Getting Enough Iron - CHRISTUS Trinity Mother Frances Health System

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Getting Enough Iron

Topic Overview

How much dietary iron is recommended each day?

Recommended daily amounts of iron from foodfootnote 1

Men

Adult

8 mg

Women

Adult (age 50 and older)

8 mg

Adult (ages 19 to 50)

18 mg

Pregnant

27 mg

Lactating

9 mg to10 mg

Adolescents (ages 9 to 18)

Girls

8 mg to15 mg

Boys

8 mg to11 mg

Children (birth to age 8)

Ages 4 to 8

10 mg

Ages 1 to 3

7 mg

Infants (7 months to 1 year)

11 mg

Infants (birth to 6 months)

0.27 mg

What foods are high in iron?

You can get iron from many foods. Beef and turkey are good sources of iron from meat or animal protein. Beans are good sources of iron from plants. Iron from meat is absorbed by your body more fully than iron from plants. Some foods can decrease the amount of iron that your body will absorb. But meat and vitamin C can help your body absorb more iron from plants. Ask your doctor or registered dietitian about how to be sure you are getting enough iron.

Iron-fortified foods include cereals.

Meat and poultryfootnote 2

Serving size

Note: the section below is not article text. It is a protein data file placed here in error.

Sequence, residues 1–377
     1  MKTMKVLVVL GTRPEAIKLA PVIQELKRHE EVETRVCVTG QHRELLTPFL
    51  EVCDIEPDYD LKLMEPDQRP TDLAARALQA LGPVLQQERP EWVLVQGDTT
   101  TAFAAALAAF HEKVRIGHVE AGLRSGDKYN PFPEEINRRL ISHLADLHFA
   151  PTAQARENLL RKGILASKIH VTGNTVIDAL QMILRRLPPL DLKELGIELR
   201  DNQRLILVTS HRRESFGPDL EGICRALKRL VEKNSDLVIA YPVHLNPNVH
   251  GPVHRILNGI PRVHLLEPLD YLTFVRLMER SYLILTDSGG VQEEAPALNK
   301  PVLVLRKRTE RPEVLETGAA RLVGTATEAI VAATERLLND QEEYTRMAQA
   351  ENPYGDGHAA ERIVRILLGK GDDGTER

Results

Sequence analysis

Iron (mg)

Beef (ground)

3 oz

2 mg

Chicken

3 oz

1 mg

Turkey

3 oz

1 mg2 mg

Fruits and vegetablesfootnote 2

Serving size

Iron (mg)

Beans (cooked or canned)

1 cup

1 mg5 mg

Potato (baked)

1 medium

2 mg

Raisins

1 cup

3 mg

Spinach (cooked)

1 cup

6 mg

Cereals and grainsfootnote 2

Serving size

Iron (mg)

Cereals (iron-fortified, ready to eat)

1 cup

4 mg18 mg

Oatmeal (instant)

1 cup

4 mg

Rice (white, enriched)

1 cup

3 mg

References

Citations

  1. Food and Nutrition Board, Institute of Medicine (2011). Dietary reference intakes (DRIs): Recommended dietary allowances and adequate intakes, elements. Available online: http://iom.edu/Activities/Nutrition/SummaryDRIs/~/media/Files/Activity%20Files/Nutrition/DRIs/New%20Material/2_%20RDA%20and%20AI%20Values_Vitamin%20and%20Elements.pdf.
  2. U.S. Department of Agriculture, Agricultural Research Service (2012). Nutrient data laboratory. USDA National Nutrient Database for Standard Reference, Release 25. Available online: http://ndb.nal.usda.gov.

Credits

Current as ofMarch 28, 2018

Author: Healthwise Staff
Medical Review: Kathleen Romito, MD - Family Medicine
Rhonda O'Brien, MS, RD, CDE - Certified Diabetes Educator

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